A focus on compliance will get you just that, people who comply with ‘the rules’, ‘the policy’, or your ‘orders’. When a leader puts their primary focus on compliance, rule following may well be the outcome. The intended consequence of people doing what they are told can easily be achieved. Write up a few team members and word spreads, don’t cross that guy! But what if the problem you are trying to solve is more than just people not following the rules? What if the issue runs deep in the culture of your organization? What if the solution to the problem requires people to think differently, to be collaborative, to take a risk? This is the unintended consequence that comes with a focus on compliance. If you merely aim for compliance those you are charged with leading will not be willing to take risks. They will be fearful of the dreaded letter or being marched out of their office with a box of their stuff. Compliance is not the answer to moving an organization. Great leaders know they must give their people the type of culture that allows them to take risk without the fear of failure. Great leaders will allow different thinking and, say it isn’t so, will reward that thinking. If you choose to focus on compliance, know this…you are NOT a leader, you’re just a manager.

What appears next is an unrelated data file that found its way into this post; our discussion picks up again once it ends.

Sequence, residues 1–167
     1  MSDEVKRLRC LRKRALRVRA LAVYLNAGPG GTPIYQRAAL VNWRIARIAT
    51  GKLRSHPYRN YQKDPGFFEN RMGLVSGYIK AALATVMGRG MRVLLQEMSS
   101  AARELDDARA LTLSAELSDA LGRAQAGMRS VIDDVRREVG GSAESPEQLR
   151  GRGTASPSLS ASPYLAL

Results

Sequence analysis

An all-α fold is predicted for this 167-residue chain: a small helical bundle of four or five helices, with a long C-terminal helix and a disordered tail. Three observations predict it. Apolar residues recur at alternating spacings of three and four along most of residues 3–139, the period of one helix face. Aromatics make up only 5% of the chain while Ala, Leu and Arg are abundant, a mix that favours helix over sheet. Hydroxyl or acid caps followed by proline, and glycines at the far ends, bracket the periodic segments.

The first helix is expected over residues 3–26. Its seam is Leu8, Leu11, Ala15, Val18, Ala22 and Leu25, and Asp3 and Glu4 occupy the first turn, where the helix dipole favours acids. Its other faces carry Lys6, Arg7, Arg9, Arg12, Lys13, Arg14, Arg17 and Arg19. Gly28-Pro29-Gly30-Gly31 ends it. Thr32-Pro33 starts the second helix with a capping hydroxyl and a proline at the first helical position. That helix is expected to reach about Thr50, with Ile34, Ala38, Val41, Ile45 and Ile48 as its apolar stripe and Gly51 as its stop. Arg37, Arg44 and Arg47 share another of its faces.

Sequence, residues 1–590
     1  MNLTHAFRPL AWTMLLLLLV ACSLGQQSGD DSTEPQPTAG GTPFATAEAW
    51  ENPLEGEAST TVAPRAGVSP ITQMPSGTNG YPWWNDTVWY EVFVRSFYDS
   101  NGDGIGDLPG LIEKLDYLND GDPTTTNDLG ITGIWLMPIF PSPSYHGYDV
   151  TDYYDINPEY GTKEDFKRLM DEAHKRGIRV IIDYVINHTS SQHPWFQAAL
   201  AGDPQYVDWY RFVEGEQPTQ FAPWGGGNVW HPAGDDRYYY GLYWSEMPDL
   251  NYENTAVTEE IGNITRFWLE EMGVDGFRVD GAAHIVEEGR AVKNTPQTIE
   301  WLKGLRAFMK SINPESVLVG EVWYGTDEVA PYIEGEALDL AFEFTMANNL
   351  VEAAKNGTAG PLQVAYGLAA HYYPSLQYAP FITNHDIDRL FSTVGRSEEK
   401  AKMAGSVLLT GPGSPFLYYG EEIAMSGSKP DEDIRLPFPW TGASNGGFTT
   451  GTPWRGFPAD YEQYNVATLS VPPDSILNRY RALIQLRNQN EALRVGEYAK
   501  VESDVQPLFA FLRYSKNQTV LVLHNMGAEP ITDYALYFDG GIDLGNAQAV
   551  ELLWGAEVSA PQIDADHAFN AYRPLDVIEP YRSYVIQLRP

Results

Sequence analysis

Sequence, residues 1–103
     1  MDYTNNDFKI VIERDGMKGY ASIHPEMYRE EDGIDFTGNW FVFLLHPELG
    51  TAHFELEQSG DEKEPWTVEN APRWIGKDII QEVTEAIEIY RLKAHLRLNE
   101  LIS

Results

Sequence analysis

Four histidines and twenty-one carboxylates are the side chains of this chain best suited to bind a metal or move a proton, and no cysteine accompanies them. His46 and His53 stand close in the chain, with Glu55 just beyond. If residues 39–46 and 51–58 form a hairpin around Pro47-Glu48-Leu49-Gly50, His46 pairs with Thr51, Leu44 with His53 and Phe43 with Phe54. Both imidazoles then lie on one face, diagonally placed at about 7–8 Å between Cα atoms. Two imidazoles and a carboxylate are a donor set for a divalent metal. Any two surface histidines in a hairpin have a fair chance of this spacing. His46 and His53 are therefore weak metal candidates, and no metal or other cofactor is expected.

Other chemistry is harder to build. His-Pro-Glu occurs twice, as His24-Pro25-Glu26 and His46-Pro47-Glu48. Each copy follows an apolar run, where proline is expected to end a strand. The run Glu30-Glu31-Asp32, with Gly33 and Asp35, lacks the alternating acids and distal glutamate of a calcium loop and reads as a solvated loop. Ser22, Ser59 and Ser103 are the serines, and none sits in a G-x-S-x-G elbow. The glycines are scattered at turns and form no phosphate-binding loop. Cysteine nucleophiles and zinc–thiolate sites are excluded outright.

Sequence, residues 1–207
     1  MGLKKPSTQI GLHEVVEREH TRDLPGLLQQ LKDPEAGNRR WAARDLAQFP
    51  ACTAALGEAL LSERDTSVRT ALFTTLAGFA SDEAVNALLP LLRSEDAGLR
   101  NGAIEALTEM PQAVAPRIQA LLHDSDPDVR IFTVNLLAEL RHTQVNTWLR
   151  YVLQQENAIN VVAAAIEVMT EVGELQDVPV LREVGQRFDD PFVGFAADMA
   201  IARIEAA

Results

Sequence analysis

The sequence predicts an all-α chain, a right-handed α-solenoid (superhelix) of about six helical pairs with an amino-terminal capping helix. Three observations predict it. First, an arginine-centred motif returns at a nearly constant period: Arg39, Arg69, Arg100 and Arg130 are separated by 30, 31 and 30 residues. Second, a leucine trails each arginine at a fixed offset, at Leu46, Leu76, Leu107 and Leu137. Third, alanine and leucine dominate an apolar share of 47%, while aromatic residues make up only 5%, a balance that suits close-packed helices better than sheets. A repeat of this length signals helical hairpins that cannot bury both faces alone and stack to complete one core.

Much like compliance, being motivated by outside numbers is never the way to lead a group of people. Whether that numerical focus in on dollar signs, test scores, or approval ratings placing high value on numbers will not end well for a team. Remember the big push for the SMART goal? Oh yeah, I am as guilty as anyone of drinking this kool-aid. No, I’m not saying SMART goals are wrong or bad, they actually can be good. What I am saying here is if the SMART goal becomes the ‘be all, end all’ of the organization, you have a problem. When the focus is placed on achieving only that goal, employees may well set that bar low enough to avoid the negative repercussions of missing the goal. Worse yet, as the leader we might allow them to do so. Results oriented leadership is not a flawed system, but without having a culture that allows people to step out, take risk, and not fear reprisal, the result is little to no change.

As a leader, I have made more than my fair share of mistakes. As someone who’s been in their line of work for well over 20 years, I have seen leaders make poor choices and become ineffective leaders. I have also made some excellent choices and decisions and observed great leaders do the same. I feel like, as learners, we can choose to learn from our mistakes and the mistakes of others, or we can simply repeat them. I’ve made my choice, I choose to be intentional with everything I do, to not lose my focus on culture, climate, and relationships. I choose to keep my eyes and energies dialed in on making an impact on people.

Ineffective leaders can find opportunity to punish, make an example of those who make mistakes, to push compliance. Great leaders know how to find teachable moments in everyday life. As a leader we make choices every day – make sure you choose wisely.